Author’s Note: Both Trevor Hodgett and myself wrote a fair amount about local guitar legend Henry McCullough during the ‘90s. Indeed, Trevor still does. When we were deciding on the content of Irish Folk, Trad & Blues: A Secret History we both felt it would be tidier if the Henry McCullough chapter was entirely composed of Trevor’s archive of writings on the man. Hence this interview of mine – for Mojo’s back page slot on people’s recollections of joining and leaving a given band – remained in the vault. Henry’s gone over the tale many times with interviewers, but it’s retains its fascination as an unrepeatable episode in the Beatles/post-Beatles story.
Henry McCullough & Wings
Published: Mojo, September 1997
“At the time I got involved with Wings I was in the Grease Band and we were hanging around London not doing very much. Denny Laine used to come round and hang out with us and he said to me one day ‘McCartney’s looking for a guitar player – he wants to know if you’d come down and have a bit of a play’. And I said ‘Well, Jesus, no bother!’ and went down, I think, to the Revolution Club – one of those clubs in London anyway – and played ‘Long Tall Sally’ and a few things like that. It wasn’t really an audition, more a play – but it was an audition really, to make sure I wasn’t into hard drugs and stuff like that. Anyway, we played, had a chat and he said ‘Can you come back tomorrow?’ and I said ‘Of course’, and came back the following day. By the third day we were on a stage, at the ICA. We went through a lot of stuff over that period and on the third day he asked me did I want to join – and who wouldn’t!
Obviously The Beatles had finished and he was up in Scotland with his beard and all that, and he’d been quite content for a while to sit around with Linda and a little four-track recorder singing ‘La-de-das’, you know. But now he seriously wanted to go back on the road as a rock’n’roll musician, and the way he did it was really going back to his roots – took along the dogs and the kids and stuff, in this auld transit van, with no windows, and our gear behind on a truck. He was always into this, you know – the ‘magical mystery tour’ vibe – and I can see why. It’s the pleasure of having the money and being able to do it, regardless of how much you’re paid for the shows! So he took it to the extreme, really, where we’d just turn up at a university, find the Students’ Union, and of course the minute he stuck his head out the window..! ‘Can we play tonight?’ ‘Yes, of course!’ And the word went out and the place’d be packed. But then instead of getting hotels it would be, like, Mrs McGonagle’s for B&B, you know! It was unusual alright, but it was very exciting at the same time, ‘cos it was my first trip out with him – and splitting the money up evenly after the gigs meant I made more on that than when I became a fully-fledged member!”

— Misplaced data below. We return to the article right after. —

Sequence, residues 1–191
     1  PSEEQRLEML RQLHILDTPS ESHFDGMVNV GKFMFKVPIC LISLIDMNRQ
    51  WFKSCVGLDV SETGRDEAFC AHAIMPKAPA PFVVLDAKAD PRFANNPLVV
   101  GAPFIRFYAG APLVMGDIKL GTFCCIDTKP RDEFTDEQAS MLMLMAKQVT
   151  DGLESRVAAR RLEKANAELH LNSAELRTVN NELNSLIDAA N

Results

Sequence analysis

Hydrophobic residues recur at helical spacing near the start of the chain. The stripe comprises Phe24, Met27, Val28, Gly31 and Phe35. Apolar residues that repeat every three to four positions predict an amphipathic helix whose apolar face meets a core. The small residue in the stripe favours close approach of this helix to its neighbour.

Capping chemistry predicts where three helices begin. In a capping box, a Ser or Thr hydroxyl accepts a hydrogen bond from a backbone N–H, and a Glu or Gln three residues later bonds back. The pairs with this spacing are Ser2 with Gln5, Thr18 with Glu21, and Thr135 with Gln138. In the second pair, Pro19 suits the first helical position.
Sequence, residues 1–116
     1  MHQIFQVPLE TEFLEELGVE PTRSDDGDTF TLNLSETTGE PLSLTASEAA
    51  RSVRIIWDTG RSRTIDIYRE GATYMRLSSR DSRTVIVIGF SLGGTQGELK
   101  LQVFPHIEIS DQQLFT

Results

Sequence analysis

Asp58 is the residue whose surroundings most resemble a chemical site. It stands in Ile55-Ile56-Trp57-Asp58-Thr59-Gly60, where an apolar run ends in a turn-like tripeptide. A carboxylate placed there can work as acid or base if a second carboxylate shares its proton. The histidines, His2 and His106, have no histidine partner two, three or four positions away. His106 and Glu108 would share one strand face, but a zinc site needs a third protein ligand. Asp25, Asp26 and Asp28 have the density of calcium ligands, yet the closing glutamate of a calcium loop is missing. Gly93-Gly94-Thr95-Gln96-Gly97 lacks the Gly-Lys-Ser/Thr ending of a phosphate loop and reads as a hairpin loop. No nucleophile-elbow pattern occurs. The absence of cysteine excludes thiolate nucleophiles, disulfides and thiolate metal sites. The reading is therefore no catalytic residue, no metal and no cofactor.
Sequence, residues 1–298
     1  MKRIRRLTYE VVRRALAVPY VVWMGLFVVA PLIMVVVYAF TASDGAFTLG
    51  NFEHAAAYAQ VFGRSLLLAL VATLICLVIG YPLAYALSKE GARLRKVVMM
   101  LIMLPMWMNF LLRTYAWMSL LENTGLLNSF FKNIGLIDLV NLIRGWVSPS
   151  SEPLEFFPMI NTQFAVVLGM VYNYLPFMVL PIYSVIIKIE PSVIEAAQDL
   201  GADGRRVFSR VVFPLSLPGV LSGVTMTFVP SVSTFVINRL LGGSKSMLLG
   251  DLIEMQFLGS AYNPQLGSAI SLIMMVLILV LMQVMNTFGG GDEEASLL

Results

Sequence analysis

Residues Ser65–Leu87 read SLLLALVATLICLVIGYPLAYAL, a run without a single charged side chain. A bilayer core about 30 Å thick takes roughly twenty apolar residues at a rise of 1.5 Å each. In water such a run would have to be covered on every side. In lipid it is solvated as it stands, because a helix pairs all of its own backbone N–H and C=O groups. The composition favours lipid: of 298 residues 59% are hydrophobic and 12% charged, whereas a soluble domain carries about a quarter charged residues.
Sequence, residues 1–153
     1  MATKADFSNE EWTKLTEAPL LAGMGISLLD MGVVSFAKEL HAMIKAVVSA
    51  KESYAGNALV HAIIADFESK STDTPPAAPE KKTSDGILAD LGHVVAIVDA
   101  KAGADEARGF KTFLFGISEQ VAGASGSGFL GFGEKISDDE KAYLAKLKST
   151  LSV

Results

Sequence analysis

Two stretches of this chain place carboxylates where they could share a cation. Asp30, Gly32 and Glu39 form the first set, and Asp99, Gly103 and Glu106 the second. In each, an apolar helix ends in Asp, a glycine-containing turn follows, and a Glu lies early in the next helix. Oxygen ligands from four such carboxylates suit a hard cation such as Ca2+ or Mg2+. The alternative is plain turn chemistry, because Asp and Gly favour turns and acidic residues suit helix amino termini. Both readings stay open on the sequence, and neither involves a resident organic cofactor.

“We were still on this retainer and we’d been told that as things progressed we could contribute material, become part of a ‘band’ as such, but it never ever came to that. We’d rehearsed Band On The Run and were due to go to Lagos [to record it] and I can remember it well – we had a row one afternoon… I wanted to contribute, you know ‘Give me a chance – if it doesn’t work out we’ll do it your way’. I felt it was time he allowed the musicians to have some of their own ideas used as part of this ‘group’ vibe. But all that was slowly being lost – the idea from the university tour, the van, the crack and all that started to go out the window. And I was trying desperately to hold onto it because I wanted it not just for the band but for him as well – for him to show people that he wasn’t namby-pamby all the time, that he really had balls. And he does have an awful lot of balls, he just doesn’t seem to get it down on record… It wasn’t a fierce row, just ‘Oh stuff it, I’m away home’ sort of thing. There was nothing said. There were a lot of things said in the press, like there was a terrible rumour I’d pulled a gun on him, that I’d hit him over the head with a bottle – really! But I think we both knew in our hearts it was time for me to go and he left it to me to choose the time of leaving. A couple of months later I got a phone call from him ‘How are you? What are you up to?’ sort of thing, and he asks me down to his studio in Soho Square. ‘Look, I know we’ve had our differences’ he says ‘but I really appreciate the time you’ve been with the band and I want you to have this’. And he gives me a huge cheque and a flight case full of guitar strings! I bumped into himself and Linda a couple of times after that and really I can’t let people know how much of a gentleman he was. I mean, people who don’t know him have this idea about him – about his ‘Mary Had A Little Lamb’ trips and the corniness of it all, but even with that you couldn’t help but like the man: a brilliant businessman, a brilliant musician and a bloody great man too.”